Supreme Court Decision: Are Unions Now Less Relevant than Ever?

Written by Candace Hardin on June 28, 2018

Today, the Supreme Court dealt a heavy blow to the Unions in the 5 to 4 decision that workers who chose not to join a union may not be held liable to pay for collective bargaining.

It is a violation of the non-union workers’ First Amendment rights to force them to finance union activity.

The real question is: Are unions still relevant?

When they were first formed, it was necessary to have a buffer between the worker and the employer as the worker had no protections against long hours, low pay, poor workplace safety or how they were treated. Often wages were low and hours were very long. Unions were the only recourse to protect workers from being mistreated.

The Industrial Revolution increased the demand for labor. However, this mostly resulted in great wealth for some and grinding poverty for others.

Women and children were among those working in the factories under dangerous conditions. None were as bad as the Triangle Shirtwaist Factory in New York.

In 1909, the shirtwaist workers in the city went on strike to improve pay and conditions in the factories. The other factories eventually acquiesced to worker demands, with the exception of the Triangle Shirtwaist Factory.

A fire started on the eighth floor on the afternoon of March 25, 1911. It was a small fire that quickly spread due to the flammable materials in the area. The employees tried to put it out with fire hoses that were on each floor, but found there was no water connected to them.

One hundred and seventy-six people died in the fire.

This lead New York City to begin the task of passing safety regulations for factories, applying stiff penalties for non-compliance. Other cities soon followed the example.

Former President Teddy Roosevelt intervened in the Union Mine Workers strike in 1910. He appointed a commission of mediators to negotiate for a break in the strike. The striking workers returned to work with an eventual ten percent pay raise.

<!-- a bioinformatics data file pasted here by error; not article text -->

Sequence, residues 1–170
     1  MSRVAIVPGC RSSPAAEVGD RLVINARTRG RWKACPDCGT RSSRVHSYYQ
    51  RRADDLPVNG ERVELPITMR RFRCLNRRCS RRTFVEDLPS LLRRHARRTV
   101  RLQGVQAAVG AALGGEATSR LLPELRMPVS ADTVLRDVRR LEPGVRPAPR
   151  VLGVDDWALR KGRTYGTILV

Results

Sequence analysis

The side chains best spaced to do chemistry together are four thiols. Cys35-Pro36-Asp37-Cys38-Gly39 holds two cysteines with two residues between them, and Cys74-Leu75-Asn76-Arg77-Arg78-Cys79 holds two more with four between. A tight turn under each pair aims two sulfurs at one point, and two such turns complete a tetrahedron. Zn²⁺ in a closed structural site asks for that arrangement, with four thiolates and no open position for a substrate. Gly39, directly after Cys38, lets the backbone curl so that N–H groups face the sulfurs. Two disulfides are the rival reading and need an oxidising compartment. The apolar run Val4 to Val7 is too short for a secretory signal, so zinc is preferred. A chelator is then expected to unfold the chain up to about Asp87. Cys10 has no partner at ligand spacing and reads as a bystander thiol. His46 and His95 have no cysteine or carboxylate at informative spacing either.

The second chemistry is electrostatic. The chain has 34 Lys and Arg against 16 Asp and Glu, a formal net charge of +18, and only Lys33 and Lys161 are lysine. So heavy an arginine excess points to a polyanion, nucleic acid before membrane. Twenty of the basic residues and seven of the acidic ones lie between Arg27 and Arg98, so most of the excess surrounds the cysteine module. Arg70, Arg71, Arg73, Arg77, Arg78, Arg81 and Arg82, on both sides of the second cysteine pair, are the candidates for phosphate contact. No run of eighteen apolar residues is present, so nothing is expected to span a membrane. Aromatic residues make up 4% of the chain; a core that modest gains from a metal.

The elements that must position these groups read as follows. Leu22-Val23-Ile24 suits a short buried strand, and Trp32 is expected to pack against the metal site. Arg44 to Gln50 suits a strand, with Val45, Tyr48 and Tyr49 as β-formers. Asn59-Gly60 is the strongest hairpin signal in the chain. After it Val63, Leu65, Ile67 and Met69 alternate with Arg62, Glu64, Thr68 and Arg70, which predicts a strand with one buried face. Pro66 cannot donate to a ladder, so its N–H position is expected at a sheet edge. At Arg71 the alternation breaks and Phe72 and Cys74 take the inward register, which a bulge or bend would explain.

What are the origins of the Unions in the United States?

The concept of a workers’ union dates back to the Pilgrims landing in the New World. Many New World colonists were craftsmen looking to profit from their labor. Primitive unions or guilds of skilled laborers made appearances from time to time in various cities up and down the Atlantic seaboard of colonial America.

Seeking, “pursuit of happiness” through shorter hours and higher pay, organized printers were the first to go on strike in 1794. Several other groups of skilled labor followed their lead in the next few years thereafter.

The National Labor Union or Federation formed in 1866. They eventually persuaded Congress to pass an eight-hour workday for Federal workers. The law did not hold up well as it was a casualty of the sweeping economic depression of 1873. Then, like now, the employee just wanted to be employed. The employee puts up with a little bit more as a tradeoff to unemployment.

What is the difference between a union and non-union manufacturing platform?

For an employer who is not in favor of the union, it could be because union regulations that cost extra.

Hostess Bakery is a good example.

The Wonder Bread could not be delivered in the same truck as the snack cakes. It could not be loaded into the trucks by the same employees as the snack cake loaders.

This requires a parallel workforce and truck fleet to do the same work. It is a double expense to deliver by two separate deliveries to the same locations for distribution and sale.

Waste is contrary to a healthy bottom line. Non-Union businesses can make do with one workforce to perform the same tasks. The object of a business is to generate profit to either shareholders or owners.

A Union worker might argue that the non-union company would only try to work them twice as much for the same money. This is an issue as well, but where is the common sense factor? Forcing a double workforce cannot be logical, and abuse of the work force is not tolerable either.

The Federal Government through the years has legislated many safety and human rights laws in order to protect the worker from unsafe conditions to zero tolerance for sexual harassment.

Many would argue that this makes the union obsolete in this day and time.

Decisions such as the one on June 27, 2018 by SCOTUS on unions bring them a step closer to extinction.

Image: (CC BY 2.0); Excerpted from:

Candace Hardin
Candace Hardin resides in Atlanta, Georgia. She is fluent in Spanish and a student of Latin and history. She is a columnist on and has a blog, Originally from North Carolina, her writing and beliefs have been heavily influenced by the Appalachian culture and tradition.